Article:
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Sunday, February 08, 2009

How to Read a Book

I love Mortimer Adler's book How to Read a Book. It gives you several techniques for reading a book:
  • Skimming a book, including reading the table of contents and index. Do this for all books, to decide whether you want to proceed. If the book looks worthwhile, you may want to read it quickly without stopping. You can stop here for most books.
  • Reading the book "analytically" – reserved for the "Great Books". Involves marking up the book, underlining its main arguments, building up an outline. Few books deserve this slow treatment.
  • Reading several books together on the same subject ("synoptically"). Make the books dialogue with one another. The deepest level of reading. I haven't tried this.
To get a taste of Adler's writing, skim his online essays How to Mark a Book and Idling: Why It Is So Important Not To Be


  • I read that book years ago.

    I didn't use any of his techniques as I was reading it, and I remember a line/paragraph in there about how, "You probably wouldn't be reading this if didn't believe it was worth the read."

    I tend to use the "Great Books technique" on most books. For me it's about being selective in what I read.

    11,572 days

    By Anonymous Anonymous, at 2/09/2009 9:36 a.m.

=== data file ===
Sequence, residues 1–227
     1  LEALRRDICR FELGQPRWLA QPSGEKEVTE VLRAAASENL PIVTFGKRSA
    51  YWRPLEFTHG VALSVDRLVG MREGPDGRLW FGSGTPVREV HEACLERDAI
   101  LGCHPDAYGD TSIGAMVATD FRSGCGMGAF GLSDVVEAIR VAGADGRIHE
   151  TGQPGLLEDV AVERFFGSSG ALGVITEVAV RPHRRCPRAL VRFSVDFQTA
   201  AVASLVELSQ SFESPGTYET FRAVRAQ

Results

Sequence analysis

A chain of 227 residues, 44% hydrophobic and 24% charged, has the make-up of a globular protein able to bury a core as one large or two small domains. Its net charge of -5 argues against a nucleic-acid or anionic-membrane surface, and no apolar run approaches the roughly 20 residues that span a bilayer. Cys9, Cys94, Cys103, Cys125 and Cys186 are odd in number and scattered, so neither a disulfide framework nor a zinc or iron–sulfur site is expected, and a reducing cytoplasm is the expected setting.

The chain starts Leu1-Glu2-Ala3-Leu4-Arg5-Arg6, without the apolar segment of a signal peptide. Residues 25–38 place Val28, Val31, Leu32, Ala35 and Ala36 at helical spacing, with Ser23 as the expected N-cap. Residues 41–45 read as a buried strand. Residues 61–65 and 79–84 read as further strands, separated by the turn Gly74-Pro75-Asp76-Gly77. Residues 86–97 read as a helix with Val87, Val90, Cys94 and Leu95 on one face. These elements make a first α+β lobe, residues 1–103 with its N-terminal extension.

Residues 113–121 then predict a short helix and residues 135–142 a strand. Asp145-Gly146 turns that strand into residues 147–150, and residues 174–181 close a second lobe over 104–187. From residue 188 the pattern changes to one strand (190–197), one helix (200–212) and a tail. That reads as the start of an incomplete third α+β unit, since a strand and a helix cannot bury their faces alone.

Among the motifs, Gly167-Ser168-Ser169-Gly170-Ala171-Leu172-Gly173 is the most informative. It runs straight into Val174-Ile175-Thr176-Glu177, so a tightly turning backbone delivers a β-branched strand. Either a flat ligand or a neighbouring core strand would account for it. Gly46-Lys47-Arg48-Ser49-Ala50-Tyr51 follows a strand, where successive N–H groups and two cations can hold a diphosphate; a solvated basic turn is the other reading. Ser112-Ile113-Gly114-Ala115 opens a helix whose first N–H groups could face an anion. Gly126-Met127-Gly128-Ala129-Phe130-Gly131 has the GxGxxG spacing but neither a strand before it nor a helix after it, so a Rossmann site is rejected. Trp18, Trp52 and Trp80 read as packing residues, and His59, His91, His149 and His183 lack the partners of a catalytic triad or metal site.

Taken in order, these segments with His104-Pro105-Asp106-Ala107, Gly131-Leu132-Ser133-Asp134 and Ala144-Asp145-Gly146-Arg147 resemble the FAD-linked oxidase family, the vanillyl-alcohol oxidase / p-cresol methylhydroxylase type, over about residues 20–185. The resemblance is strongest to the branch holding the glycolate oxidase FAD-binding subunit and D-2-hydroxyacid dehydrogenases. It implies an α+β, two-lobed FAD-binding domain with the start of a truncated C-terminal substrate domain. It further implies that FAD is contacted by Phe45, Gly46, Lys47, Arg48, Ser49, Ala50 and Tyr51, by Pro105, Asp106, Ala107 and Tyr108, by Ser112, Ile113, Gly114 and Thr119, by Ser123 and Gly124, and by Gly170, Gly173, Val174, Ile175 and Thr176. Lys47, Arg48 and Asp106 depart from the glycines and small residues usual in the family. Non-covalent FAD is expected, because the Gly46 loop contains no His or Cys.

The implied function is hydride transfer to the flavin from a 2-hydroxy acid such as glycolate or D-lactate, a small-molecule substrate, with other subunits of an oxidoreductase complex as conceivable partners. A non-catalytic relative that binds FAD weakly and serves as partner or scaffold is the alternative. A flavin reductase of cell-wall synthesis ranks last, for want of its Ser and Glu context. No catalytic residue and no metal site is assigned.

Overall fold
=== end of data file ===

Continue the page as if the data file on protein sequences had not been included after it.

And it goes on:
• "Few books deserve this slow treatment."

    Why even read a book that doesn't deserve this slow treatment? Except for skimming books to see if they deserve slow treatment. And pure entertainment.

    Synoptic reading is great. Now I have a word to describe one of my approaches to reading. It helps you find the authors who really know what they're talking about.

    I think you want to read books like people drill for oil. You do a lot of investigative drilling (skim a lot of books) until you find a lot of oil in one spot and then you go deep (read the good books thoroughly).

    You can determine when you should stop reading a book by measuring how long it has been since you learned something from the book. The conditional probability that you will learn something new goes up with the time since you learned something.

    If you're not marking a book up, you're not really ready for that book. Your mind isn't in a place to get a lot of value from the book. You can keep reading just so you know what's out there. But you will probably have to revisit the book when you're ready.

    When a book fits right in with whatever I'm dealing with in my life, I find that I can't put the book down and I learn a lot from the book — and I apply the learnings.

    By Anonymous Anonymous, at 2/09/2009 4:45 p.m.  

  • Another approach to reading synoptically: go multi-modal.

    Look up videos on YouTube by the authors. Search for their podcasts on iTunes. Find their presentations on SlideShare. Read their blog.

    You can get an overview of a whole book with an hour presentation on YouTube. Or a deck on SlideShare.

    Authors present their thinking differently in different media. You learn differently when exposed to different media.

    By Anonymous Anonymous, at 2/10/2009 3:56 p.m.  

  • Tim - yeah, selectivity is definitely good to practice

    Nivi - love the oil-drilling analogy!

    By Blogger Jonathan, at 2/10/2009 7:27 p.m.  

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